Actors in the Cloud with wasmCloud

15.06.2022Raffael Schneider
Cloud was Containerization WebAssembly Container Container Orchestration Distributed Systems Actor Model Otp Cloud Computing

Last year I once presented the idea that WebAssembly could be perceived as a technology that, by using OS-agnostic machine code and providing a quasi-ubiquitous runtime, creates the possibility of offering containerisation at a high level of abstraction. Of course, the original idea was to run WebAssembly in the browser as a way of extending the web standard. The idea was that the entire client-side logic does not have to be executed in a JavaScript engine such as V8, but that another WebAssembly-capable runtime is available in which application code runs in a galvanically isolated sandbox.

This is of course an interesting development in this day and age. This path has already been taken by other pioneers. Not least the development of the Java Virtual Machine, better known by its acronym JVM, was an attempt to translate programmatic code into machine code remote from the OS and have this substrate, the bytecode, run in an encapsulated, isolated runtime. Despite the massive success of Java as a language over decades, the JVM has nevertheless failed to solidify a standard for a sandbox in which code can be freely interpreted at will. The idea of using a flawless sandbox, however, was discovered by Docker at the latest and has managed to give sandboxing new momentum. Today, you can hardly get the word containerisation out of everyone’s mouth in the tech world.

Now we are getting a little ahead of ourselves; if we take this containerisation idea further, we can well imagine a future in which the focus of containerisation with Docker could move more in the direction of WebAssembly.

The idea of abstracting everything outside the actual application logic so that the developer can put all his focus on the development, true to the Developer-Experience aspect, is not new after all. With serverless platforms, there is already the approach of expanding FaaS in such a way that the developer has as little contact as possible with the infrastructure and the CI/CD process. Worth mentioning here are certainly Serverless, Serverless-Stack, or also Architect. The innovative thing about implementing a serverless architecture with WebAssembly runtimes is the fact that the logic modules are compiled with a transparent standard and made to run in a standardised sandbox. While AWS’s Firecracker MicroVM certainly provides a robust and efficient foundation for AWS Lamdba or AWS Fargate (it’s written in Rust, after all), a WebAssembly module also allows it to run on a wide variety of environments, meaning that the portability of a WebAssembly module allows the workload to be played out on devices at the edge (or anywhere else).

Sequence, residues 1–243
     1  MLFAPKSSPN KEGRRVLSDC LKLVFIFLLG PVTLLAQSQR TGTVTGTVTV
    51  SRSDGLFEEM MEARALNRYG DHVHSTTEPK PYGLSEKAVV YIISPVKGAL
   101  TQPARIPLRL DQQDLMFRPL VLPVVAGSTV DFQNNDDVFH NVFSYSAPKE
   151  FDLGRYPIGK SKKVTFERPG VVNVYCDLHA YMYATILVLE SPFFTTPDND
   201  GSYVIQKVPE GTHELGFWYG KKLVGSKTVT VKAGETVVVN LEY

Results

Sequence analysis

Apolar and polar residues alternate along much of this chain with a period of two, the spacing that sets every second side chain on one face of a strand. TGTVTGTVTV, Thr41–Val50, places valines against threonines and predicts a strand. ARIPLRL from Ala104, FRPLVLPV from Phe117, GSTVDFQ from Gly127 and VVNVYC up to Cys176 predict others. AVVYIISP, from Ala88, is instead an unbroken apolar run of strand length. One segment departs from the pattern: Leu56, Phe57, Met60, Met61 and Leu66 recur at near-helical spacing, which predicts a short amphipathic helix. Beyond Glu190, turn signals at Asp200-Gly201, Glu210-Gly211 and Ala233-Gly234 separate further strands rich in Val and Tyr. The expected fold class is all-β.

Before we get into the actual introduction to the art of WebAssembly in the cloud using wasmCloud, it would certainly be appropriate to have some prior knowledge of various technologies. Fortunately, with a little time, you can read about all the relevant technologies in our TechUp’s. The following TechUp’s tie in with today’s topic:

Cloud-to-edge WebAssembly-enabled host runtime with wasmCloud.

If we remember correctly, in the Containerless with WebAssembly Runtimes-TechUp, I described how to use a WebAssembly runtime like Wasmer that can run WebAssembly modules on all sorts of computing devices.

Liam Randall and Stuart Harris gave an insightful interview in November 2021, in which the two founders of Cosmonic succinctly summarise wasmCloud and also give a glimpse into the future. There they contextualise wasmCloud as the next level of abstraction in a decades-long trend away from the machine towards the application domain (called “business logic” in the reference below).

Wasmcloud is a higher level abstraction for the cloud that uses WebAssembly to run everywhere securely. Virtual machines abstract away from specific hardware, containers abstract away from a Linux environment, and wasmCloud abstracts away from the specific capabilities you use to build an application. wasmCloud continues the trend of increasing abstractions for building and deploying software in the cloud. Kubernetes lets an organization run their containers in any cloud environment, and wasmCloud lets a developer run their business logic on any capabilities, in any cloud or edge environment.” - Liam Randall and Stuart Harris, Source: (04/04/2022)

If you have already come into contact with application containerisation and sandboxing, you know that the containerisation landscape is very broad and that the idea of containerisation can no longer be equated with Docker. In a nutshell, a classic container runtime like containerd or cri-o abstracts the operating system kernel. For this reason, it is also called OS-level virtualisation, which, unlike hardware virtualisation such as XEN or VMWare vSphere, does not put an entire operating system on top of the host operating system, but only abstracts the user space (which lies above the kernel land).